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Jesus' Son Audible – Unabridged

4.4 out of 5 stars 211 customer reviews

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Format: Paperback
The beauty of Johnson's prose is evident in every one of these stories. The subject matter is dark, depressing, hallucinegenic, and yet the collection's overall feel is uplifting. Johnson could have written some cliched grotesqueries about the drug life, could have piled on the filth and dirt of it all, but he doesn't. The down-and-out characters, most of them junkies and criminals, are given a healthy dose of humanity, where a lesser writer would have turned them into abominable caricatures. Unlike most post modern writers, Johnson cares deeply about his characters and this comes out in every story. He doesn't follow the pomo aesthetic by declaring that life is inherently meaningless or hopeless, far from it. What we come to find in this amazing collection is the presence of hope in all things, no matter how low or degraded things might appear. And that is precisely what Denis Johnson shows us. There is beauty in everything, and if we can't see that, then we are not fully human.
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Format: Paperback
This slim book can easily be read in a few hours. The short stories are all vignettes out of the lives of the addicted and the desperate.
What this book does, better than any other book I've read, is capture the beauty and tragedy of these lost lives. Johnson is great at imagery, whether the misty, sunlit dive bar on a rickety pier, or the deserted drive-in in the snow. He's also great at writing from the inside of these characters-- their tragic worldview makes sense through their eyes. The hallucinatory beauty of these "prose-poems" goes hand-in-hand with the altered perceptions of the characters-- these people live as if in a dream state.
If you're ready to write off people on the fringes of society, then you probably won't appreciate this book. Like he did in "Angels," Johnson takes these forgotten people, and makes them live and breathe on the page. Many times, his characters seem more truly alive than those who would write them off or forget about them.
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Format: Paperback
I've never read anything by Chuck Palahniuk. I know about him, however, because the movie 'Fight Club' is based upon Palahniuk's novel of the same title. Chuck Palahniuk is a big fan of Denis Johnson's collection of short stories, 'Jesus' Son.' A recent article about Palahniuk in Poets & Writers Magazine says that Palahniuk 'has read 'Jesus' Son' over and over'more than two hundred times.' Palahniuk says, in that article, 'whenever I'm stuck, that's a book I read to sort of jump start myself.'
Palahniuk's endorsement was good enough for me. Any book that someone has read more than two hundred times must be worthwhile, or at least worth taking a look at. Besides, this remarkable collection of short stories is only 160 pages long, the pages are small (I measured it and it was about 7' x 4'), and there are not many words on each page. It doesn't take long to read. If it matters, I also always knew Denis Johnson was out there, a highly regarded poet and novelist, ever since 'Fiskadoro' had been published more than a decade ago. I had to read something by him sometime.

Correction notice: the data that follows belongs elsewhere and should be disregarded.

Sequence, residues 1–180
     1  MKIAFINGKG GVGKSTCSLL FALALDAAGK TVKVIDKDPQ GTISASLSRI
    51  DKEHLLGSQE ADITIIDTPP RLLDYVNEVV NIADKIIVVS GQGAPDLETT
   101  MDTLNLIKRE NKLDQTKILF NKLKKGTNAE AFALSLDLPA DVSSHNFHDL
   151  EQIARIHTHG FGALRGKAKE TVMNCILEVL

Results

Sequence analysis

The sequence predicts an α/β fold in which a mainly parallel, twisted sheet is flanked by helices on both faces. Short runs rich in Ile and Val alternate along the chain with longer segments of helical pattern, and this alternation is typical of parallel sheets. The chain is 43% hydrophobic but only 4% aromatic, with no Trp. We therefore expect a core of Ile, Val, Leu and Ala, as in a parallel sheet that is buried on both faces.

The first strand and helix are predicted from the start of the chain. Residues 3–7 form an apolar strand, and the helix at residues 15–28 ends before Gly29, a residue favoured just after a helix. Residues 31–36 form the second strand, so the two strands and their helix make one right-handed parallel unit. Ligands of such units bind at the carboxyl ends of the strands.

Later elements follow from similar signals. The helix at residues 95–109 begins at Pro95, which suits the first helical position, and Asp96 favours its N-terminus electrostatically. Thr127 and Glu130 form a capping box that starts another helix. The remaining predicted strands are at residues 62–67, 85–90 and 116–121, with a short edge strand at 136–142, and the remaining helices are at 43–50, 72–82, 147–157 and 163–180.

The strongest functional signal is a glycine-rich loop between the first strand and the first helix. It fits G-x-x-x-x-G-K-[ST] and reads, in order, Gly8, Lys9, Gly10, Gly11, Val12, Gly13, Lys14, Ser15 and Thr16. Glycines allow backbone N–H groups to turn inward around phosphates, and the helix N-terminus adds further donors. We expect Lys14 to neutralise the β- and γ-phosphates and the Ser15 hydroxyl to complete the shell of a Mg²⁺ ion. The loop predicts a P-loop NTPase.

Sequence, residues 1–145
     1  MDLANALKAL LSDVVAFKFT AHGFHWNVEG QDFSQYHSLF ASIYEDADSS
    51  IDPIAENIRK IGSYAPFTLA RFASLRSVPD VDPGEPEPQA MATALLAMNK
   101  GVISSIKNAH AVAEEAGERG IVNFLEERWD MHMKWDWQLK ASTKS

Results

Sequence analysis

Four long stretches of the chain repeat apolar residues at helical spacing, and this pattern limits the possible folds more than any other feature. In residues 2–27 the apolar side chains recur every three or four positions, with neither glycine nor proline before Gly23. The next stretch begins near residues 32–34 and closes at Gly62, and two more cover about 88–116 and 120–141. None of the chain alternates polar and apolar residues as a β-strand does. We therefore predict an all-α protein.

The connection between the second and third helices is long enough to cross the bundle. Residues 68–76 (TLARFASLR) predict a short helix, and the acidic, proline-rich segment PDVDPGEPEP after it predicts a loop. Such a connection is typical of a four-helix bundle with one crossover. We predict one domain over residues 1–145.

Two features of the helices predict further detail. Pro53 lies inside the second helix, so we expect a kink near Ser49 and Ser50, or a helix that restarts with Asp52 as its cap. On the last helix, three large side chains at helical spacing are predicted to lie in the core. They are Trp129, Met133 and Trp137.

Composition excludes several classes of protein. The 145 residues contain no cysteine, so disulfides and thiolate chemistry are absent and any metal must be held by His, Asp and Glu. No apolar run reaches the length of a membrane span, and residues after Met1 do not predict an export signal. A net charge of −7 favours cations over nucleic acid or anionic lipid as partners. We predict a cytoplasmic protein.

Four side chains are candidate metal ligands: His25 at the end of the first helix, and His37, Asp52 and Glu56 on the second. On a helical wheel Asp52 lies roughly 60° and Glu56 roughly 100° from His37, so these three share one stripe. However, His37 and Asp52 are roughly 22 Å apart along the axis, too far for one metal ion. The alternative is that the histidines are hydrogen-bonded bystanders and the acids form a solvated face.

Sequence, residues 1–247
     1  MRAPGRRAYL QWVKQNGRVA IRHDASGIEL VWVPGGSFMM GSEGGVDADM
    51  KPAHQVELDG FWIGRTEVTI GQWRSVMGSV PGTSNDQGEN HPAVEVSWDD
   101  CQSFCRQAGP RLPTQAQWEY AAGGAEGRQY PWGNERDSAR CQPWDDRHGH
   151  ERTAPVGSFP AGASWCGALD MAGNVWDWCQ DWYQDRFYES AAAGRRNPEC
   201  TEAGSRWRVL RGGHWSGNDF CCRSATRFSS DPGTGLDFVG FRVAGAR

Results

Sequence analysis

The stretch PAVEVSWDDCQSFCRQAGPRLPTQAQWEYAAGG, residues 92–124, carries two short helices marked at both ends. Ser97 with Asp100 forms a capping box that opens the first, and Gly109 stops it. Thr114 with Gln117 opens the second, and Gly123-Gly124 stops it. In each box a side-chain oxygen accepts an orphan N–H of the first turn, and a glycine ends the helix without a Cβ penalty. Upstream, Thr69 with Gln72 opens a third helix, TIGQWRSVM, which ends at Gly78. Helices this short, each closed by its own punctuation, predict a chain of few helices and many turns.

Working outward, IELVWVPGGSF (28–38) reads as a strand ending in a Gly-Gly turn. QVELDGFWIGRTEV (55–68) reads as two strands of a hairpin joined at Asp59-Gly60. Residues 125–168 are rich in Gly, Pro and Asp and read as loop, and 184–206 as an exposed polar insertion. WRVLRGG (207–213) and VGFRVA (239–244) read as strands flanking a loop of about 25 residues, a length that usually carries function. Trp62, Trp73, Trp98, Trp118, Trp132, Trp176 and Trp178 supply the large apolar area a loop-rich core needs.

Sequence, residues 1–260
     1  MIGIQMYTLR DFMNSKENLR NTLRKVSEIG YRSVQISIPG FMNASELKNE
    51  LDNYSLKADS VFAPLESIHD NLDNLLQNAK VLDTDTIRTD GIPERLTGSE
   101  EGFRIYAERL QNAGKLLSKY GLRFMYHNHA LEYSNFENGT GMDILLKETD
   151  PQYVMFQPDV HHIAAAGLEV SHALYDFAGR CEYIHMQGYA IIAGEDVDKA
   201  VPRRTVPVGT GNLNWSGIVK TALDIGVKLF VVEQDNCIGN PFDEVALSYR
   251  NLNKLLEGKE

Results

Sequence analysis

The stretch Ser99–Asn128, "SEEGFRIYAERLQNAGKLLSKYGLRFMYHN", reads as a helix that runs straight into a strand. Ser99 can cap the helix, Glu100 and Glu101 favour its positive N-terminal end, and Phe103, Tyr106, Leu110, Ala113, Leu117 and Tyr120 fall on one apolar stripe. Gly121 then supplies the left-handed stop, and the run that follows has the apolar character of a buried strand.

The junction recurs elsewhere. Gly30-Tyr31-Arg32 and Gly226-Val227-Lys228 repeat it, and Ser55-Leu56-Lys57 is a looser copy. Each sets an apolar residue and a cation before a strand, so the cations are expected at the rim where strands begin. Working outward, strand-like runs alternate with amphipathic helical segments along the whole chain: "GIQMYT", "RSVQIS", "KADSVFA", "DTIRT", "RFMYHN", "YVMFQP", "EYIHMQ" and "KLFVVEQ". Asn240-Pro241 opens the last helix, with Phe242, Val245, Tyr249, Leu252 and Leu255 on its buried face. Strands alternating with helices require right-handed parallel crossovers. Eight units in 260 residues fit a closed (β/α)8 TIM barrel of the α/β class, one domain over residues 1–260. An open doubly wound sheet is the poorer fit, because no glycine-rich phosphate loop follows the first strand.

I sat down last night and started reading 'Jesus' Son' and didn't put it down until I was finished. It didn't take me long and was worth every minute. 'Jesus' Son' contains eleven short stories, all written in the first person, all connected by the common voice of the same narrator, a young, strung-out misfit whose pathology permeates every story. The stories are grim, just like the dark, desperate life of the narrator, just like the violent, disconnected, drug-clouded lives of the people who surround him. They are stories in which the narrator seemingly transcends his life, his drug- and alcohol-induced cloud of unknowing illuminating an at times crystalline-pure vision of the world.
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Format: Paperback
At first, I confess, I didn't know what to make of the stories that make up the collection "Jesus' Son". What does one make of stories about someone who is an addict through and through, determinedly ruining his life because it no longer seems to matter what happens to him? During the first fifty pages I had a visceral reaction to this book that was making me not only dislike it, but become angry at it; why should I care about people who won't help themselves, what is there to like about any of these people, etc. Then I began to notice tiny glimpses of carefully disguised humanism that leaked out of Johnson's prose, and went back to see if I had been missing them all along (sure enough, they had been there the whole time). I can only guess that my initial reaction was too volatile to pick up on subtle nuances of hope, and I am glad that I stuck with it long enough for that to die down because "Jesus' Son" is actually a remarkably heartfelt work despite its visceral tone. The characters are damaged and desperately unhappy people underneath their angry, hardened exteriors -- desperate for a connection that they can't bring themselves to hold on to, nor are they willing to put themselves out to get it. We never get to see why any of them are so damaged, which is mildly frustrating, but since it doesn't matter to the plots of the stories anyway it would have been out of place to get a lot of exposition. The misadventures and sometimes untimely demises of these characters are seen through the eyes of an unnamed narrator who lives among them, drinks with them, does drugs with them, uses them and is used by them. He is angry, confused, and suicidal, making his narration a spellbinding excursion into the pathos of the addict.Read more ›
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